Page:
After two years of wrangling, the nation’s three major drug distributors and a pharmaceutical giant have struck a $26 billion deal with states that would free some of the industry’s biggest companies from all legal liability in the opioid epidemic.
The announcement was made Wednesday afternoon by a bipartisan group of state attorneys general.
The proposal will now go to every state and municipality in the country for approval. If enough of them formally sign it, billions of dollars could be released from companies to help communities pay for addiction treatment and prevention services and other financial costs of the pandemic.
In return, states and cities would drop thousands of lawsuits against companies and pledge not to take any future action.
The settlement binds only these four companies — drug distributors Cardinal Health, Amerisource Bergen McKesson, and Johnson & Johnson — leaving thousands of other lawsuits against manufacturers and drugstore chains, including many other pharmaceutical defendants, still unresolved in huge nationwide litigation.
But these four companies are widely seen as the defendants with the deepest pockets.
In an emailed statement, Michael Ullman, executive vice president and general counsel for Johnson & Johnson, said: “We recognize that the opioid crisis is a very complex public health issue, and we extend our deepest sympathies to all affected. The agreement will directly support state and local efforts to make meaningful progress in addressing the opioid crisis in the United States.
Distributors did not immediately respond to requests for comment.
Distributors, who are supposed to oversee shipment volumes of drugs prescribed by law, have been accused of turning a blind eye for two decades, while pharmacies across the country have ordered millions of pills for their communities. The plaintiffs also allege that Johnson & Johnson, which contracted with opium producers in Tasmania to supply opioid ingredients to manufacturers and to make its own fentanyl patches for pain patients, could not help doctors as well as patients. Used to reduce addictive properties.
From 1999 to 2019, prescription and street opioid overdoses caused 500,000 deaths, according to federal statistics. The Centers for Disease Control and Prevention said earlier this month that opioid deaths hit a record high in 2020.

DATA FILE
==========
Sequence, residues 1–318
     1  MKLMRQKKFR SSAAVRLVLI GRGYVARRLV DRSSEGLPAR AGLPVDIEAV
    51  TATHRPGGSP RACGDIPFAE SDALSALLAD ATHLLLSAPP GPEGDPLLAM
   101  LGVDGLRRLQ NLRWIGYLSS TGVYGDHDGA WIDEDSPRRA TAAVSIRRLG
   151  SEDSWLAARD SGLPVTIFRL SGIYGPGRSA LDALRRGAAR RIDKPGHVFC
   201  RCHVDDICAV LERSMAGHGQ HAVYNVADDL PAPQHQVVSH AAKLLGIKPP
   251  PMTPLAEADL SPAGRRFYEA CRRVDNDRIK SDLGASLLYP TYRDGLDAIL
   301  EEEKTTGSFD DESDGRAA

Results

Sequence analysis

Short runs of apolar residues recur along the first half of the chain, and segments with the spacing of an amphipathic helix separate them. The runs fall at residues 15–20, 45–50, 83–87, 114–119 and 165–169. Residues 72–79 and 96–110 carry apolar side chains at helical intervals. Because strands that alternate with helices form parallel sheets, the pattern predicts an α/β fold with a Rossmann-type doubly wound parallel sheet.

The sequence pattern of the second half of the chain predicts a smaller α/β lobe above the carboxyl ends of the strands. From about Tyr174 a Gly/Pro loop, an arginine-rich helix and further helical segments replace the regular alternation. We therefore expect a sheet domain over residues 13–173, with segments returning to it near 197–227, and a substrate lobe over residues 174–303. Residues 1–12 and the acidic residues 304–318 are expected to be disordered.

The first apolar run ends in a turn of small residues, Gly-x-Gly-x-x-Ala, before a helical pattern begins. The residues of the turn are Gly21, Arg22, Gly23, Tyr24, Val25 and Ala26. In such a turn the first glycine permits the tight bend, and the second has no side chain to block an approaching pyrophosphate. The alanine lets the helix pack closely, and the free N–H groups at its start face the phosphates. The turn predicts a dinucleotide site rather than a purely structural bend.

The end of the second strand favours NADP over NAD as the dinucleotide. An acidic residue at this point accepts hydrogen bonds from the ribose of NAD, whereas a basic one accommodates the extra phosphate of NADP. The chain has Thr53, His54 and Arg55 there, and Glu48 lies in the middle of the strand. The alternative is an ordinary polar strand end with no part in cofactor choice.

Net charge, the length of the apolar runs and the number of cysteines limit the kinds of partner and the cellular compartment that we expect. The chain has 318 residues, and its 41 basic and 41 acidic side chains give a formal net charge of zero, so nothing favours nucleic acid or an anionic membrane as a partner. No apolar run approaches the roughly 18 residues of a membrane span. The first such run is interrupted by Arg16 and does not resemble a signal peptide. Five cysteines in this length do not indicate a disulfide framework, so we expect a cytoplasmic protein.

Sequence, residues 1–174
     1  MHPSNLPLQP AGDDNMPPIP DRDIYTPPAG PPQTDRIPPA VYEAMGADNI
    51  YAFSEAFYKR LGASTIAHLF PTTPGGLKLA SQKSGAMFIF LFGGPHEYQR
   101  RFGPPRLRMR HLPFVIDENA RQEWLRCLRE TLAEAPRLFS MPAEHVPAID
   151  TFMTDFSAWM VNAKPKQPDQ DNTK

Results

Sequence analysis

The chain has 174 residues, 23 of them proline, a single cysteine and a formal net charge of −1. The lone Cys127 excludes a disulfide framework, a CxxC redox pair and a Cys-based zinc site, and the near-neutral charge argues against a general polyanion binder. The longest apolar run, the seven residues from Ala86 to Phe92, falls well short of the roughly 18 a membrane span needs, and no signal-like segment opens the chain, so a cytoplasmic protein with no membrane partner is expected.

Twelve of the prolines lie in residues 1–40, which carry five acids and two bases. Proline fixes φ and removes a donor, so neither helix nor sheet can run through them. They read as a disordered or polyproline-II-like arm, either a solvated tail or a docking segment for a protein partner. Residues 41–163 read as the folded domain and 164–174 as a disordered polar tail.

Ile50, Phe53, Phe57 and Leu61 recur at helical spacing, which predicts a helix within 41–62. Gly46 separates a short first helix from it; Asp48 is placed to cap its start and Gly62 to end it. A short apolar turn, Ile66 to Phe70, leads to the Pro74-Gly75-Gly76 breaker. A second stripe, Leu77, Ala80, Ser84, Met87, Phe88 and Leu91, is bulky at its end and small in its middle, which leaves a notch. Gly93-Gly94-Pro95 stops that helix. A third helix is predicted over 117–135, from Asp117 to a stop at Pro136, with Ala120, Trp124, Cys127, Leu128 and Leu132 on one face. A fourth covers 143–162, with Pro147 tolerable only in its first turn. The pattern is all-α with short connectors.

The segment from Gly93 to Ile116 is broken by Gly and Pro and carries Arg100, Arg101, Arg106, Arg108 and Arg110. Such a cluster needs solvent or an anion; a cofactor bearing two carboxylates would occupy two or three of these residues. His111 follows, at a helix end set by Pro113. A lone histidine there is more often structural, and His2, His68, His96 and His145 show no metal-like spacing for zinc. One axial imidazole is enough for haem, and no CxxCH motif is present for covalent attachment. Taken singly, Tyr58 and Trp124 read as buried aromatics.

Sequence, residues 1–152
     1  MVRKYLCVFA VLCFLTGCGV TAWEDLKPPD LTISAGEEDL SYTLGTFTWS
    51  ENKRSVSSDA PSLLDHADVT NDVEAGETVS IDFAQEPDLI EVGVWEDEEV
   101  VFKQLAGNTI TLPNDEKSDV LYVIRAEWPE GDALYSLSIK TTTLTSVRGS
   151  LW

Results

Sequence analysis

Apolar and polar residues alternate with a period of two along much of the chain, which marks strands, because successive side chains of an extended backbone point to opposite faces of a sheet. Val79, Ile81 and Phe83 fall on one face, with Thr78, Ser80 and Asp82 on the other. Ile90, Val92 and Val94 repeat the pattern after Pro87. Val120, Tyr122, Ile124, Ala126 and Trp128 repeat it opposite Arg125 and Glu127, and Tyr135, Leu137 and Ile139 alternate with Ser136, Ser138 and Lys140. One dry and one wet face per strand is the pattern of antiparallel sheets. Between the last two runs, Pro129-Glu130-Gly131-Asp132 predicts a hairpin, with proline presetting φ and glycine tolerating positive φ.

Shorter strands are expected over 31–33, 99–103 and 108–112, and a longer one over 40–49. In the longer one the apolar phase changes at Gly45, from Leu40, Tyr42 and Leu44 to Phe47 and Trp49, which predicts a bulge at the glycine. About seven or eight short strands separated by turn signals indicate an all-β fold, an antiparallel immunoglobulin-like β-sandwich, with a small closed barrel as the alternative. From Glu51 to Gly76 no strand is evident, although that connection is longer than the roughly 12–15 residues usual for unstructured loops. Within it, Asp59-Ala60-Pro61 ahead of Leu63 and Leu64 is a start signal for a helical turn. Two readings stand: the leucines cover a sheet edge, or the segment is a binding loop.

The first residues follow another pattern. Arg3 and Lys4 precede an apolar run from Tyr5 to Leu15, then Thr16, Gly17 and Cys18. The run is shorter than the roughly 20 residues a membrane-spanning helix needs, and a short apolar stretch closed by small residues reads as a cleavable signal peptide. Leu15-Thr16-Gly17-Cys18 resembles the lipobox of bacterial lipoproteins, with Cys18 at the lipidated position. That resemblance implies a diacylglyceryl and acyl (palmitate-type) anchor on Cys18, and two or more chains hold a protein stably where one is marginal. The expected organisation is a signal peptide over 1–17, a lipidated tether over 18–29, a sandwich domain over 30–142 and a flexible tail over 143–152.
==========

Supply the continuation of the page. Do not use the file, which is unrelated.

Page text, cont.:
Under the agreement, three distributors in the country will pay over 18 years. Johnson & Johnson will pay $5 billion over nine years. A key feature of the agreement is that distributors will set up an independent clearinghouse to track and report each other’s shipments, a new and unusual mechanism that aims to make data transparent and immediately dispatch red flags when large orders are placed.
A separate deal between the companies and Native American tribes is still being negotiated.
The settlement was presented by the attorney generals of North Carolina, Pennsylvania, New York, Delaware, Louisiana, Tennessee and Connecticut.
Wednesday’s announcement shows that a key element — a vast majority of states agreeing in principle — has been accomplished. But tough odds remain before any checks can actually be deducted.
The states and the District of Columbia will now have 30 days to review the agreement closely, including how much each will be paid over 17 years. Many states are yet to get a chance to investigate the deal. And while many allow their attorney general to sign, others require that legislators be consulted. An unspecified number of states would have to sign for the deal to go ahead. If that limit is not met, companies can walk away.
While the states are making decisions, a trial brought by several California counties in state court against Johnson & Johnson and a local West Virginia trial in federal court against the distributors will continue.
States will also have to start quarantining their areas, including those who have already registered cases and those who have not agreed to the deal. The greater the number of signatory local governments, the greater the amount each state will receive.
One law, Elizabeth Burch, said, “lawyers will force their clients, localities to agree to settlements, because if the deal doesn’t happen, the lawyers won’t get paid.” Professor at the University of Georgia who has followed the lawsuit closely.